Physician Citizenship Tied to Mortality Rates
It's a common perception that physicians trained by foreign medical schools aren't as skilled as doctors trained by U.S. medical schools. But that's a false assumption, according to a report published in Tuesday's edition of the journal Health Affairs.
The quality of a physician's skill seems to depend more on whether the doctor educated abroad was an American citizen or a foreign one at the time he or she entered medical school, said the author, John J. Norcini, president and CEO of the Foundation for Advancement of International Medical Education and Research.
Doctors who were both foreign citizens and foreign medical school graduates had lower patient death rates than doctors who were U.S. citizens and foreign medical school graduates.
One in four physicians now practicing in the U.S. received medical education abroad.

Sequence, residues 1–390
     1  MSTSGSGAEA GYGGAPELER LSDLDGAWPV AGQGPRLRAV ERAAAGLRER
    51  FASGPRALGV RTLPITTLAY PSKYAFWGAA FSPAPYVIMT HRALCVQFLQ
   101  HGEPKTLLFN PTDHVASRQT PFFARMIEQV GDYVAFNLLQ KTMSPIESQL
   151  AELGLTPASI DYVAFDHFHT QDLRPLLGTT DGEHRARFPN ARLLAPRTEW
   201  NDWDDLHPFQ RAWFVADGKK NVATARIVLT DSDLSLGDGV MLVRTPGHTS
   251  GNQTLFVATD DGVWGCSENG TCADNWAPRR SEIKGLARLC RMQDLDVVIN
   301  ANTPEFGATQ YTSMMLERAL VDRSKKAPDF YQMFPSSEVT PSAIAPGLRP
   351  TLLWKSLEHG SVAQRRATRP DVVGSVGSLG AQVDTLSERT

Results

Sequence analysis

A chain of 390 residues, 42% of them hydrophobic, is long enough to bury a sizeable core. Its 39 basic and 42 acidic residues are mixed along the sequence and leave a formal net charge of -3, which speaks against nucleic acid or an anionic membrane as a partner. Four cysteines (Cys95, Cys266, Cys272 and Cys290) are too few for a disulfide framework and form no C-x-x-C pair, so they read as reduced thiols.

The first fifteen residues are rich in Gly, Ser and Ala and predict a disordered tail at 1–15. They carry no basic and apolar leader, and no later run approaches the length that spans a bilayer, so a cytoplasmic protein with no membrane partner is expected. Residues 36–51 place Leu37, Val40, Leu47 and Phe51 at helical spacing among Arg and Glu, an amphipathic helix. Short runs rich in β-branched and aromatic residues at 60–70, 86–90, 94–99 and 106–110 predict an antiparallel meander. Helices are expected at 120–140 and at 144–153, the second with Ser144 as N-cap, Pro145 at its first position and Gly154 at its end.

Norcini and colleagues looked at in-hospital death records of 244,153 patients hospitalized at 184 Pennsylvania hospitals between 2003 and 2006. Here, more precisely, is how the review broke down, based on severity-adjusted death rates for patients with either congestive heart failure or who had suffered an acute myocardial infarction:
- Doctors who were foreign citizens at the time they entered a foreign medical school had a "significantly lower" mortality rate (5%).
- Doctors who were U.S. citizens at the time they entered a U.S. medical school had a higher mortality rate, (5.5%).
- Doctors who were U.S. citizens at the time they entered a foreign medical school had the highest rate, (5.8%).
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